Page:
DEBKA-Net-Weekly quotes counter-terrorism experts as asking how the bombers penetrated the security barriers of the heavily fortified General Security building – not once but twice. They drove up to the barriers without being stopped one hour before the blast and engaged the guards in casual conversation on the working hours in the building. They then turned around and came back an hour later. Seeing hundreds of workers heading out of the facility at the end of the workday, they crashed a barrier and blew themselves up in the packed parking lot adjacent to one of Riyadh’s busiest streets.
Genuinely ignorant or penetrated?
The suicide bombers’ freedom to move around a jittery capital without being challenged, the readiness of the guards at a highly sensitive facility to reveal such information as working hours are only two anomalies that indicate that some high-up in the Saudi security service must have cleared the way for them to reach their target.
The incident in Jordan was still more revealing.
The Upper Hashami estate, home to some of the wealthiest families in the Hashemite Kingdom, is secured by a private firm, Jordanian security personnel and police officers.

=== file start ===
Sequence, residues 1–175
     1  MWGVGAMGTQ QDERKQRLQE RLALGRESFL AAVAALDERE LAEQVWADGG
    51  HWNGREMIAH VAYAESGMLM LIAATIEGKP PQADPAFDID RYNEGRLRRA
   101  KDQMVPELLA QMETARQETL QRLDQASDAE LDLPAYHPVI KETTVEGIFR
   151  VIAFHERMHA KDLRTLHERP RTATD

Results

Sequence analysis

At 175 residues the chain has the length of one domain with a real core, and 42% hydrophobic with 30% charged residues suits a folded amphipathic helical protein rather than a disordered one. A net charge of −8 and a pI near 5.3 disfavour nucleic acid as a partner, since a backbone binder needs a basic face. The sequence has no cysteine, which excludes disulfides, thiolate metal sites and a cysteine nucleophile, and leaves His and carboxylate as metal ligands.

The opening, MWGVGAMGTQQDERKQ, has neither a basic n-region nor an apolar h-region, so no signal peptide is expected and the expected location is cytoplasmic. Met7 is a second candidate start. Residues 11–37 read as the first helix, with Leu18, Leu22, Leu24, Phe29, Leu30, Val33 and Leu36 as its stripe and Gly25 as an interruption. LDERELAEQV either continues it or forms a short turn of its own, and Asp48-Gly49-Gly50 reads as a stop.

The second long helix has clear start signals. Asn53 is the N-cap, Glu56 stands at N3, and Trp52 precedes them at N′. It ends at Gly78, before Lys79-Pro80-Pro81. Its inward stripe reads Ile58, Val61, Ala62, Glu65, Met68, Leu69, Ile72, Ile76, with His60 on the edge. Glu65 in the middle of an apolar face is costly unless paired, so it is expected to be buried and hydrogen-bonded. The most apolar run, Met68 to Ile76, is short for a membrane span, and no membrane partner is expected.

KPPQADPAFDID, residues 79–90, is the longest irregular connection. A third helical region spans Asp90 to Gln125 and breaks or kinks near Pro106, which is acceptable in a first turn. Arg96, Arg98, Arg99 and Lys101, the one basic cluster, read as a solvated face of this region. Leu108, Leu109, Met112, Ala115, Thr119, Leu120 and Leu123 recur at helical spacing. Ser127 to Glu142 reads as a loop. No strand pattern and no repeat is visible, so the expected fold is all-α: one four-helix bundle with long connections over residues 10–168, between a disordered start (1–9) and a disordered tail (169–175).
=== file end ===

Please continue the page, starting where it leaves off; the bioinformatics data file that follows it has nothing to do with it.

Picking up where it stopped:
Visitors must show identification before they are allowed in. A fence surrounds the neighborhood’s opulent villas and its guards carry state of the art electronic monitoring equipment. No one goes in or out without the knowledge of Jordanian security. Certainly anyone seeking to rent a villa is thoroughly vetted.
Nonetheless, al Qaeda was able to rent a villa for eight to 10 terrorists, at least seven of them recent arrivals from Iraq. All were highly trained in chemical warfare. Yet security personnel in Upper Hashami saw nothing amiss in a bunch of terrorists living it up in the posh suburb and armed to the teeth at all times. By good fortune, a neighbor who found their presence odd telephoned Jordanian security authorities, who immediately acted on the information. But was Jordanian security really taken by surprise? Did some high-placed al Qaeda plant make sure that the service tasked with guarding the throne was kept ignorant?